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Jones and Roger Goodell, among others, might still have some smoldering embers from the Elliott battle that aren’t likely to be tamped out anytime soon. But the question now is whether Winston will be the next big target of the NFL. The league has sent a clear, unmistakable message the past two years that no star player is above reproach and no matter the circumstances. Remember, as the Elliott case taught us — or reminded us, for those old enough to remember Ben Roethlisberger’s Milledgeville, Ga. incident — there do not need to be formal criminal charges filed in a case for a player to be suspended. Winston took three sentences and 57 words before he got to the point of actually denying the allegations from the 22-year old woman. The clunky statement read as follows: “A news organization [Buzzfeed] has published a story about me regarding an alleged incident involving a female Uber driver from approximately two years ago. The story falsely accuses me of making inappropriate contact with this driver. I believe the driver was confused as to the number of passengers in the car and who was sitting next to her. The accusation is false, and given the nature of the allegation and increased awareness and consideration of these types of matters, I am addressing this false report immediately. At the time of the alleged incident, I denied the allegations to Uber, yet they still decided to suspend my account. “I am supportive of the national movement to raise awareness and develop better responses to the concerns of parties who find themselves in these types of situations, but this accusation is false. While I am certain that I did not make any inappropriate contact, I don’t want to engage in a battle with the driver and I regret if my demeanor or presence made her uncomfortable in any way.”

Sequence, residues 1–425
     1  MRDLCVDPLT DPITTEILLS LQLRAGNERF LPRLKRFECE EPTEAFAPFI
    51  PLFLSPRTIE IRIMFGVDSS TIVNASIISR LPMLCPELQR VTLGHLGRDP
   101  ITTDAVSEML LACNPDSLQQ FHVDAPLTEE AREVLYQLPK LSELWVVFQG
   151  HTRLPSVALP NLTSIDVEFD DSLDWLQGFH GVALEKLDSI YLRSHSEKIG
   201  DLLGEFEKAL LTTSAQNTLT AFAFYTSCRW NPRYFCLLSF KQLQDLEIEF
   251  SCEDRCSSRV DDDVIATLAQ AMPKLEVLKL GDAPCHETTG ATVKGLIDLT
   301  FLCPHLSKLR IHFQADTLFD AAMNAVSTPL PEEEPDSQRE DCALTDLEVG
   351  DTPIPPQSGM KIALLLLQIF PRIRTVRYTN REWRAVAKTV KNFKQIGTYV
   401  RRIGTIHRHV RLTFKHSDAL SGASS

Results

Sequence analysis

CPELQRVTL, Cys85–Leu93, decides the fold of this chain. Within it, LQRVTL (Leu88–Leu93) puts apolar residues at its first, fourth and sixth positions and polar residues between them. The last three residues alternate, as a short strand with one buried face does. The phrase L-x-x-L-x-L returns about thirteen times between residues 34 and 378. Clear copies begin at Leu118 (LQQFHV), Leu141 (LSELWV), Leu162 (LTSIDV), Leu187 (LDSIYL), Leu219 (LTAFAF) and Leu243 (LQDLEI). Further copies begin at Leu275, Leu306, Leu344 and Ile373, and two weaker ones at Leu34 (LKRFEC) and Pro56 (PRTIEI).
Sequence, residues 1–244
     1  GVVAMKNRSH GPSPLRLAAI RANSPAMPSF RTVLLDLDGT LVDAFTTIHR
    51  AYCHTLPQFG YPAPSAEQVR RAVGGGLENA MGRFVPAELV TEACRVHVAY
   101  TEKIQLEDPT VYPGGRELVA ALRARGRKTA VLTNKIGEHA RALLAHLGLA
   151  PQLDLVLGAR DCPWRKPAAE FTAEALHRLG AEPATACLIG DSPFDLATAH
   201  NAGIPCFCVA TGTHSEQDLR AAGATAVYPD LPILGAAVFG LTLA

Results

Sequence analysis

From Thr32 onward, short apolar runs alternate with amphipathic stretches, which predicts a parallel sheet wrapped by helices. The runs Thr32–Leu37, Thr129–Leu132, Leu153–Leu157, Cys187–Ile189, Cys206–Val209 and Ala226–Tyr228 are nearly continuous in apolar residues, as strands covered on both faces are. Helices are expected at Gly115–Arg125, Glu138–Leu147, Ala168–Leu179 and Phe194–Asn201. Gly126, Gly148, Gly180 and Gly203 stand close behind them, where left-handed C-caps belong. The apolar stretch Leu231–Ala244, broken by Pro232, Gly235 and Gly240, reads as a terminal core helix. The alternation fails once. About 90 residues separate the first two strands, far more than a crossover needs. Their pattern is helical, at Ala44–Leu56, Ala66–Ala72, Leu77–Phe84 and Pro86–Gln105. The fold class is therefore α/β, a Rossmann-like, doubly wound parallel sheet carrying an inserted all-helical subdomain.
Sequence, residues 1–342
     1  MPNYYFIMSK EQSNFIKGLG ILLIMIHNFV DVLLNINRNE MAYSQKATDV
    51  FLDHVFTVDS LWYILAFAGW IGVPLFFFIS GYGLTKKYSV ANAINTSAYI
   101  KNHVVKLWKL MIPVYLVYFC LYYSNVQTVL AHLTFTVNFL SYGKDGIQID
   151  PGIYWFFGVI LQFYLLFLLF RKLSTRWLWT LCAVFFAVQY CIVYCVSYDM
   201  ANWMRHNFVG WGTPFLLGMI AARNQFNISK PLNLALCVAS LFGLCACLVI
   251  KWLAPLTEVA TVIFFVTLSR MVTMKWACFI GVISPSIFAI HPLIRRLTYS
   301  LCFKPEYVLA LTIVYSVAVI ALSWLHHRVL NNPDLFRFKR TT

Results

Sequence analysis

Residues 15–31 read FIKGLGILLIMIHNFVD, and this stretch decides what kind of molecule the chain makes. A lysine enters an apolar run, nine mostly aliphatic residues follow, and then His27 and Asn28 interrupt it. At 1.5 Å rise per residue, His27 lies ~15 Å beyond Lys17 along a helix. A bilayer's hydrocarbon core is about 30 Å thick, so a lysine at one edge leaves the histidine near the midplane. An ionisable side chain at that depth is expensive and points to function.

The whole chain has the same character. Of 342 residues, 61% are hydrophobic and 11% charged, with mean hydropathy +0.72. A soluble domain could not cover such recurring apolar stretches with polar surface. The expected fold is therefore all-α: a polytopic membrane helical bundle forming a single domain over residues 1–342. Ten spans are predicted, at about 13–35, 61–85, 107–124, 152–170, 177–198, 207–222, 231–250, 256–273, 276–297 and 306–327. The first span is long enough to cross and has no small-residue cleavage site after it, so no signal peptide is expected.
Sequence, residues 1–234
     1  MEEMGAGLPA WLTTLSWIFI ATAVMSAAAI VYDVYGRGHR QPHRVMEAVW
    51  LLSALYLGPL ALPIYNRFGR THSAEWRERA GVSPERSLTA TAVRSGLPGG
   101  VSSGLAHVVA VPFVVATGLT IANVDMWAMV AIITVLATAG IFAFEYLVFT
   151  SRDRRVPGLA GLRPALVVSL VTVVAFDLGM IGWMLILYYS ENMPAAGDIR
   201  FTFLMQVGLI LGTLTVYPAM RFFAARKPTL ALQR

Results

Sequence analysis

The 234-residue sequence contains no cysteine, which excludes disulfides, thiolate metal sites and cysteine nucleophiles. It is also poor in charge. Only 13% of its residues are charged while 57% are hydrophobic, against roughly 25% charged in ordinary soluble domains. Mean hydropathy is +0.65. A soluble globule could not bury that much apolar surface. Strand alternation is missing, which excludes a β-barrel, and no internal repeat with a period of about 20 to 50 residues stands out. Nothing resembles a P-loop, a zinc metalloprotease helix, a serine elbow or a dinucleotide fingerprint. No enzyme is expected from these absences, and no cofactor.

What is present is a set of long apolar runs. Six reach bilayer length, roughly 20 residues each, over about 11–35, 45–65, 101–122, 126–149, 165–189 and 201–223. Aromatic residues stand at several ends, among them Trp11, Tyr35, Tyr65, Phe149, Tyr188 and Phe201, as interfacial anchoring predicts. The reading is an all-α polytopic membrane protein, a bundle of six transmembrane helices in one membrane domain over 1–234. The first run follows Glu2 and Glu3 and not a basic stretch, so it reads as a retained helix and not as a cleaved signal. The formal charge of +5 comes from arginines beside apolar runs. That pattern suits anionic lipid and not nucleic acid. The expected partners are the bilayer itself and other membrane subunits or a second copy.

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If the league chooses to do the same with Winston, they’ll be going after a franchise that’s about as apolitical as they come. The Buccaneers are owned by the Glazer family, following the death of Malcolm Glazer in 2014, and have nothing close to a Jones-like figure in the NFL. Co-chairman Bryan Glazer is said to have a good working relationship with Goodell and the league office, and Tampa is set to host the Super Bowl in 2021, but beyond that there’s little in the way of a strong connection or tension between the team and the league at large. This could be viewed one of two ways. On the one hand, going after Winston and perhaps disciplining him might not fit in with the league’s pattern of sending a message to powerful franchise owners such as Jones or the New England Patriots’ Robert Kraft, a one-time Goodell ally who was faced with defending his team’s and his star quarterback’s honor in the wake of the Deflategate controversy with Tom Brady. It remains to be seen whether the league would be willing to take as thorough of measures to go after Winston, a high-profile player at the sport's most visible position but one who happens to play for one of the NFL's lower-profile franchises. On the other, the Buccaneers and Winston could be viewed as easy targets. Given that the team or its owners yield very little in terms of league power and that Winston has a notable and disturbing past, the NFL could go in hard for what could be a relatively indefensible attack and be less subject to public scorn the way the fan bases of the Cowboys and Patriots have reacted. When we reached out to a member of the Buccaneers’ management — who asked to remain anonymous — to ask what the team’s scale of concern is, from one to 10, on whether the league will go after Winston, his response was clear: “One.”

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